Due to some other priorities I've been staying close to home lately. That's been nice because I get to visit all my favorite photo locations within a short drive. But I just realized I haven't been back to this park in about two years. It just got put at the top of the list. I like it here because of the ponds and the reflections, so I just need to wait for some nice clouds and head over in the next few days.
They were going to put a water park here, that was over a year ago but I've not seen any construction when I drive past. Hopefully the natural beauty is preserved. I need to remember is to bring mosquito repellant, this is close to a swamp and bayou so there are plenty of biting things. Normally I get so engrossed in what I'm doing that I just ignore them.
Now that we're getting into summer weather again we'll start getting afternoon thunderstorms. Those can be loud and dramatic, but the best part is after they pass the clouds can be spectacular. You can see some of those clouds way off in the distance here, but this image doesn't really feature them. Clyde Butcher, a famous photographer from Florida says that the clouds are our mountains. That's a reference to how they can play an important role in Florida landscape in the same way mountains do in other parts of the country. To me that makes perfect sense, and the bonus is that our mountains change every day. How cool is that?
This is a shot of an old stump along the Beach in British Columbia. I took this while walking along the Foreshore trail from Wreck Beach. The logs and stumps litter the beach, remnants of storms long passed. There are lumber mills not far from here so it's not unusual to see stray logs that never made it to the mill. I stopped several times to take pictures of the smooth stones on the beach which is not exactly landscape photography, but images I like to collect nonetheless for use later as textures for other images.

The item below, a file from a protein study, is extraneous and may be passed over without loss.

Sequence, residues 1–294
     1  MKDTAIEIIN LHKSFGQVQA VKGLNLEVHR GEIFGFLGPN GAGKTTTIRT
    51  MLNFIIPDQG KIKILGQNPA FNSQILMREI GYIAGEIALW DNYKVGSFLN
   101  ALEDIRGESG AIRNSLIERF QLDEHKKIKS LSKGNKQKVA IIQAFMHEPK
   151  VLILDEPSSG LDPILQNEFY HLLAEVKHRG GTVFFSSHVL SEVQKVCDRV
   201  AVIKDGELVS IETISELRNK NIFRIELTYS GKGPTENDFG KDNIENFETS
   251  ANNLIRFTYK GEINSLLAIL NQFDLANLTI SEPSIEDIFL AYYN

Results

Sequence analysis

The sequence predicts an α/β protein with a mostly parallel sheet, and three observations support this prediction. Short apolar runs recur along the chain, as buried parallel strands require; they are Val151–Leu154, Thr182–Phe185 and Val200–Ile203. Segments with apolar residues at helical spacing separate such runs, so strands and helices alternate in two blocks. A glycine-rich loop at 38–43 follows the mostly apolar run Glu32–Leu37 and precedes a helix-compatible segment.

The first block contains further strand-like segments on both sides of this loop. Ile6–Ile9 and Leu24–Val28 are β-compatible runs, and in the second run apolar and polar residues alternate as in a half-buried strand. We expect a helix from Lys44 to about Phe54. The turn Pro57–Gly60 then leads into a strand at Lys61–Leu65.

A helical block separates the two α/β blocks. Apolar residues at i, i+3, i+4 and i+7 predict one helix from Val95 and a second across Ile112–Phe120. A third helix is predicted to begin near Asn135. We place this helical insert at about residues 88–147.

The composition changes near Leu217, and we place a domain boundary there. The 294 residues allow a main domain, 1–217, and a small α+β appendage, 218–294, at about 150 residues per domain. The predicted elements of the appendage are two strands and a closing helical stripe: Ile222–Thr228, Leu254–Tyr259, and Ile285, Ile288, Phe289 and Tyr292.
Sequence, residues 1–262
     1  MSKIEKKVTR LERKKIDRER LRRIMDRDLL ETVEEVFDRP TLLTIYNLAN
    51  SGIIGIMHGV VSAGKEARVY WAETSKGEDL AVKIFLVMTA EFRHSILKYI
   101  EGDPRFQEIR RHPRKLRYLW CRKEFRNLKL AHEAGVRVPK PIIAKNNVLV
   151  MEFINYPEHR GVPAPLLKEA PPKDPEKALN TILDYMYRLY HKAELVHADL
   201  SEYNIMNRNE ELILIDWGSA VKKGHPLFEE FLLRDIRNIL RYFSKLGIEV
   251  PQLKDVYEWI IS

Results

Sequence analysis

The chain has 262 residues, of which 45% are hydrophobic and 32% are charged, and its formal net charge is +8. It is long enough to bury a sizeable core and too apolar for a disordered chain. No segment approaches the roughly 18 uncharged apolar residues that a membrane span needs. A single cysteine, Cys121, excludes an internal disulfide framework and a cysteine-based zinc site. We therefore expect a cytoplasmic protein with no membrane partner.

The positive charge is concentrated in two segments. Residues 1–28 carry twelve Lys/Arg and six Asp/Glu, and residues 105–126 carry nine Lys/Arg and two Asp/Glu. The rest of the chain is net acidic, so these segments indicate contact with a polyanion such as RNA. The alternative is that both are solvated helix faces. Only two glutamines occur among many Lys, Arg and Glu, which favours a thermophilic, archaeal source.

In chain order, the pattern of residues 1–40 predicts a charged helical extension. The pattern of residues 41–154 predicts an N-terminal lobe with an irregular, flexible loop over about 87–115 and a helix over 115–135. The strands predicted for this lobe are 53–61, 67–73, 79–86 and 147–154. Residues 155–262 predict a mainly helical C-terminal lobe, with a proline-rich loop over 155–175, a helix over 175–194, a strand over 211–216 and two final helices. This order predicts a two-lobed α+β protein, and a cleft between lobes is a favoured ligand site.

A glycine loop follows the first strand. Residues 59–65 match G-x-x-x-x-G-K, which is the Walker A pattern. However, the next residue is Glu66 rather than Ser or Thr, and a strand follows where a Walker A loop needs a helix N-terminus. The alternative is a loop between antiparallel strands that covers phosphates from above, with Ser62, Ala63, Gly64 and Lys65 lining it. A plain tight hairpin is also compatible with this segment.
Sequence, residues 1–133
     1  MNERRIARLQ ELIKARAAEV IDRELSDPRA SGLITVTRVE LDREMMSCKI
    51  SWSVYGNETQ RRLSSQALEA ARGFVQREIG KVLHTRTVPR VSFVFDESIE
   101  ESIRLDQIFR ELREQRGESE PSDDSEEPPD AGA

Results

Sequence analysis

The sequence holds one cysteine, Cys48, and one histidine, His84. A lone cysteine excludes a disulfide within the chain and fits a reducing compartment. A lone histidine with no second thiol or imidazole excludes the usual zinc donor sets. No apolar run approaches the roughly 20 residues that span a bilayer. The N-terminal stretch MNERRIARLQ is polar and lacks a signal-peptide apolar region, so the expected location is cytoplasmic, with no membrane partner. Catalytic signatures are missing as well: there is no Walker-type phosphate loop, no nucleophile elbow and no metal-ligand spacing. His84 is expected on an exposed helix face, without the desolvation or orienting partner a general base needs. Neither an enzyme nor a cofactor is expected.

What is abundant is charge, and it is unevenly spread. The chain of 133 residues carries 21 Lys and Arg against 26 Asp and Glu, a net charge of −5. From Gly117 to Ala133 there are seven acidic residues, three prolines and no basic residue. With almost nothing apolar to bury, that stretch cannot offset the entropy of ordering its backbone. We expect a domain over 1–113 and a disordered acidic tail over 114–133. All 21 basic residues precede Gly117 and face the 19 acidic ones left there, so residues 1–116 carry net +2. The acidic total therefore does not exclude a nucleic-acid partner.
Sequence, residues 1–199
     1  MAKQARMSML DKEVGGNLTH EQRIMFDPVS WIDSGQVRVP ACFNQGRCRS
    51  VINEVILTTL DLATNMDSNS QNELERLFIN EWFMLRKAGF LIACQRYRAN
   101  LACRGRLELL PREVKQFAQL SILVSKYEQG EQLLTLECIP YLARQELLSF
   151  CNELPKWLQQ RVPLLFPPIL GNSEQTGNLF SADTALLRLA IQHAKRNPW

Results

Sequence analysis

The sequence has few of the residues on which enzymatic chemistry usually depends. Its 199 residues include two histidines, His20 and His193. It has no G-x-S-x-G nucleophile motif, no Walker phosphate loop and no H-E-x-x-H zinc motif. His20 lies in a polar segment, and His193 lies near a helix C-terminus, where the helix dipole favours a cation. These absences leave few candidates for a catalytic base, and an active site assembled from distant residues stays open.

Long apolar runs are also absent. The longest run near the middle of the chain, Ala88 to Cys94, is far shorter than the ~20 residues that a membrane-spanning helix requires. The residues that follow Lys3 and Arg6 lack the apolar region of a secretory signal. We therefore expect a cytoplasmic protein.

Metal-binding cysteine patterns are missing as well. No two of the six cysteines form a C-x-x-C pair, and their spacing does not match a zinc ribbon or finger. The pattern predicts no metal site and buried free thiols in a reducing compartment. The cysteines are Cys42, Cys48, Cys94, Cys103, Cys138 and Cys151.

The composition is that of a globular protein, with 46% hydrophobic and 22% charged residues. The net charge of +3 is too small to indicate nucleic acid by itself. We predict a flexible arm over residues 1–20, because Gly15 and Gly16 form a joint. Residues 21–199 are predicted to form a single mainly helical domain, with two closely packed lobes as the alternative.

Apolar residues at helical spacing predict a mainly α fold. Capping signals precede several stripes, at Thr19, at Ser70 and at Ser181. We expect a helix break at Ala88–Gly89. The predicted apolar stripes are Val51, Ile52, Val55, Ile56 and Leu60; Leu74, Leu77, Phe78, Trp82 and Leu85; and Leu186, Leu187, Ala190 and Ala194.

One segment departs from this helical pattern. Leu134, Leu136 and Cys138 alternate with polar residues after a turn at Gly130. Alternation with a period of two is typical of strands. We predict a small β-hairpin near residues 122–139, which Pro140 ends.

I noticed another photographer stopping to take photos of the stumps and debris along the beach as well. I think because it's deserted here and there are so many natural elements you could easily spend hours photographing all kinds of interesting things. That's basically what I did.
I'll be heading up to Alaska in about a month. I hope to get some time walking along a beach up there as well. I know the landscape is beautiful, I've seen it on TV. Naturally I'm curious to see it in person because as we all know pictures can never do justice to majestic landscapes. Just the thought of walking in a setting that I've never seen before should provide all kinds of opportunities for photography. Even if they are just a bunch of old stumps.
This is another image from Bean Point at the tip of Anna Maria Island. There is no parking and so the only people that show up here are those living or staying within walking distance. That's why it's one of my favorite places for photography at sunset.
A continuing theme for me is to use clouds in an image to represent proportion and scale. So typically people or manmade subjects become small in relation to the clouds and surrounding environment. The purpose is to draw attention to the scale of nature around us. For me the message is one of reintegration into our otherwise ignored surroundings.
Only after I became a photographer did I even begin to notice things around me, such as the formation of clouds. Now I look at the world different from before, I see our existence in relation to our environment. That provides a sense of perspective, something to glimpse a grander scale of things. Without that we tend to focus on small things in front of our faces without ever looking up. It's like zooming out on a map; we begin to seem insignificant. But of course we are not, it just seems that way.